The Biden administration is canceling some of the federal student loan debt and pushing back the date when people need to resume payments on their student loans. Here’s how to find out if you qualify and what you need to do to claim relief.
who is eligible
The program only applies to federal student loans. The Department of Education will write off up to $20,000 in student loan debt for people who went to college on Pell Grants and up to $10,000 for those who did not receive Pell Grants. People are eligible if their individual income is less than $125,000 a year, or $250,000 for a couple.
If all those eligible participate, it will cover 43 million borrowers, eliminating the remaining debt of 20 million of them, the White House said. And relief is not considered taxable income for federal income tax purposes.
What is a Pell Grant?
These are loans for undergraduates based on information they submit through the Free Application for Federal Student Aid (FAFSA). Pell Grants are awarded based on financial need, taking into account the cost of school, the expected financial contribution of the family, and other factors. The maximum Federal Pell Grant award for an individual for the 2022-23 school year (July 1, 2022 – June 30, 2023) is $6,895.
Nationwide, about a third of undergraduate students receive Pell Grants. The Education Data Initiative said the average Pell Grant is $4,491, and just over half of the recipients are from families earning less than $20,000 a year.
Do current students with federal loans qualify?
Yes, as long as they meet the income eligibility requirements. Dependent students are eligible for relief based on their parents’ income rather than their own.
What if I don’t remember the loans I got?
If you can’t remember what type of federal student loan you got, or want to check, the website is studentaid.gov. You may have to set up an account.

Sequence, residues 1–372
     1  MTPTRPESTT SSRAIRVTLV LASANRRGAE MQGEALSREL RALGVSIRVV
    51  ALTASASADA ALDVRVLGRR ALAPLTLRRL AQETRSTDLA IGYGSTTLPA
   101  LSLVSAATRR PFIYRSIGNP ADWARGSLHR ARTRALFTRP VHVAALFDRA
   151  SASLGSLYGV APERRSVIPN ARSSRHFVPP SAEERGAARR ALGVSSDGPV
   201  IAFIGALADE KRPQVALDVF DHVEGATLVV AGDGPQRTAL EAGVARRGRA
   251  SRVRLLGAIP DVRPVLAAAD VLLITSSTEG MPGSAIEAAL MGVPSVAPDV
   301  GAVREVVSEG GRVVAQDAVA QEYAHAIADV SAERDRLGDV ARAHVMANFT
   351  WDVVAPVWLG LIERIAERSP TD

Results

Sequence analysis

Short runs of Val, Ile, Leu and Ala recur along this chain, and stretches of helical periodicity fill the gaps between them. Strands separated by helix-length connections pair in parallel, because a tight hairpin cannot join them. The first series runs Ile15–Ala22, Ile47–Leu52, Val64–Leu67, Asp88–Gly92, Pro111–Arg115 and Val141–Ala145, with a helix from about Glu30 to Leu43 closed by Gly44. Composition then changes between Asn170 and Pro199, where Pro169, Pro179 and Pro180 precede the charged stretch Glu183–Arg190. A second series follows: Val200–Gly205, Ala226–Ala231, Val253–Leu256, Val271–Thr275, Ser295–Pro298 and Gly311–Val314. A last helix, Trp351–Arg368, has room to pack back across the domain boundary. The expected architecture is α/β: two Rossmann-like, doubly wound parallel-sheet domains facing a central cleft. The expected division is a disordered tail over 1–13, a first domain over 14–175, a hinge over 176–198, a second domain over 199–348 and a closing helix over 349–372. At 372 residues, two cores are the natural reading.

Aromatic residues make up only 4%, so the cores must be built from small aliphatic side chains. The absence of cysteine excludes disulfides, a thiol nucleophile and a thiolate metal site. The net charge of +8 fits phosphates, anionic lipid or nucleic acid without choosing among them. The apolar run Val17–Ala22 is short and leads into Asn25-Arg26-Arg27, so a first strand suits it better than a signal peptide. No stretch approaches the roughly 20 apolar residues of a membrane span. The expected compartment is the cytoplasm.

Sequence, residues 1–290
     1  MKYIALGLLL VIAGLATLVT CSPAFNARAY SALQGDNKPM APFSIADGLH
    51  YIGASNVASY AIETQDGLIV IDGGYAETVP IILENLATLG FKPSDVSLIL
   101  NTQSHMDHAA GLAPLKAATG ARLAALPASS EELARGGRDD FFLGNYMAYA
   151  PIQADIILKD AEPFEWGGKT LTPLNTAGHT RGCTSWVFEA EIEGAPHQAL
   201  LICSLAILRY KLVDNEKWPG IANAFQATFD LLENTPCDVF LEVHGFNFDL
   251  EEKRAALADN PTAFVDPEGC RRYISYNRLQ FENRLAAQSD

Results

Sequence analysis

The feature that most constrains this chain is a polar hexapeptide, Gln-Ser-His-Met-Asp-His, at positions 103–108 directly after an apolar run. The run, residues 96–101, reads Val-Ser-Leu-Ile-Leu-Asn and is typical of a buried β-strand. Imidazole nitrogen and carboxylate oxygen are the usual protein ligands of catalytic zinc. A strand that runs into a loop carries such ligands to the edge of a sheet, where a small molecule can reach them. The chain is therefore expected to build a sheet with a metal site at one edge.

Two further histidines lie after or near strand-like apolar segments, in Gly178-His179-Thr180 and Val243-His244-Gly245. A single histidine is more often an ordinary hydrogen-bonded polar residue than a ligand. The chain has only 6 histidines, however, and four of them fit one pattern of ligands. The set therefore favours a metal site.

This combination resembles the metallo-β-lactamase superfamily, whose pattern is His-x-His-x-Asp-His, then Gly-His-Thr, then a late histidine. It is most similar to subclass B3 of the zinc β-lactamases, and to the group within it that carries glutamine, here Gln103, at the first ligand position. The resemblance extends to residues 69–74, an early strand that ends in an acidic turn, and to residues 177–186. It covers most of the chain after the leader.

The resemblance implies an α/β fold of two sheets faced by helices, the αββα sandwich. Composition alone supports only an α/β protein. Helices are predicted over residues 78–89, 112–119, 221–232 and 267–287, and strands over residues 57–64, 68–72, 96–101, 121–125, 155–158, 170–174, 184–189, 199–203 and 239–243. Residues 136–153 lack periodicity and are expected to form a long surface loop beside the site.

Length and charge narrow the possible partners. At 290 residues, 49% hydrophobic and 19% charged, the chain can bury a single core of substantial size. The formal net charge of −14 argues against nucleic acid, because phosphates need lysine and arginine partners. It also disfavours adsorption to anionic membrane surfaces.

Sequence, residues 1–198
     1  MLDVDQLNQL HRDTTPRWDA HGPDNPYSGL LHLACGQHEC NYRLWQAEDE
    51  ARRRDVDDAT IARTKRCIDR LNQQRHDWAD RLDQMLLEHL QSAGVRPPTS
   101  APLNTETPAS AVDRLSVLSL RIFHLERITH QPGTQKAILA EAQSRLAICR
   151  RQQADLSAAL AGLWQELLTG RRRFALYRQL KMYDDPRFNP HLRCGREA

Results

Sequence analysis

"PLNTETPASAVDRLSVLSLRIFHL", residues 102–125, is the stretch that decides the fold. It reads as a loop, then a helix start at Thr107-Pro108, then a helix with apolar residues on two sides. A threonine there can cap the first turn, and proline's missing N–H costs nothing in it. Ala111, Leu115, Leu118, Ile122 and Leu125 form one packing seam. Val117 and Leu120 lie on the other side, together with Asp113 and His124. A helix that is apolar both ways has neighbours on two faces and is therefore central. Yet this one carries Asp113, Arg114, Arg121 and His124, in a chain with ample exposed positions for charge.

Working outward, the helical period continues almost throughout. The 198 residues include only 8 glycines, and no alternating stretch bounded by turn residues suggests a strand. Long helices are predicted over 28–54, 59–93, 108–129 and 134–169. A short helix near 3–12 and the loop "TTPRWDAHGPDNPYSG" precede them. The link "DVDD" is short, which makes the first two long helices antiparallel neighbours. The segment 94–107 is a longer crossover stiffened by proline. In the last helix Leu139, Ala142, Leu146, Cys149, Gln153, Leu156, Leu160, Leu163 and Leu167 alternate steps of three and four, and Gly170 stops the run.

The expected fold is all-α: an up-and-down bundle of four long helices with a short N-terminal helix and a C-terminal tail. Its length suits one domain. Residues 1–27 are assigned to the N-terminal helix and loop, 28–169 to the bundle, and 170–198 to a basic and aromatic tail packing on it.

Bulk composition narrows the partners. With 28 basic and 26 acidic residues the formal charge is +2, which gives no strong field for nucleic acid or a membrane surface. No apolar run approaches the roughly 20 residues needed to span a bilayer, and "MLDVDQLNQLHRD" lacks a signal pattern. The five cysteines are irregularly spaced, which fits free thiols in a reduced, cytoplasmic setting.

The Department of Education estimated that 21% of those eligible for debt cancellation are 25 years old or younger and 44% are 26-39 years old. More than a third are 40 years old or older and 5% are elderly.
What do I have to do to claim this debt relief?
The White House said nearly eight million borrowers can automatically receive relief because their income data is now available to the Department of Education. If people don’t know if they qualify, the Department of Education will make an application available before the pause on federal student loan payments ends on December 31.
Are there other ways to qualify for debt relief?
Yup. Borrowers who work for nonprofits, the military, or federal, state, tribal, or local governments may also qualify to have their student loans forgiven through the Biden administration’s Public Service Loan Forgiveness (PSLF) program. But these temporary changes expire on October 31st, so people should apply before then.
What if I can’t pay the monthly payment on my remaining student loans?
People with undergraduate college loans can limit payments to 5% of their discretionary income, Biden said. This is below the previous threshold of 10%. The plan also increases the amount of non-discretionary income and cancels balances after 10 years for people who had original loan balances of $12,000 or less.
What happens to my student loan payments that were scheduled to resume in September?
People have not had to make payments on their student loan debt since the pandemic began in March 2020. Biden extended this four times and on Wednesday extended it again for what he said would be the last time. People won’t need to start making payments again until January 2023.
How much will all this debt relief cost?
The Wharton School at the University of Pennsylvania estimated this week that forgiving $10,000 to each borrower of federal student loans with income ceilings could cost about $300 billion over 10 years.
Write to Janet H. Cho at email@example.com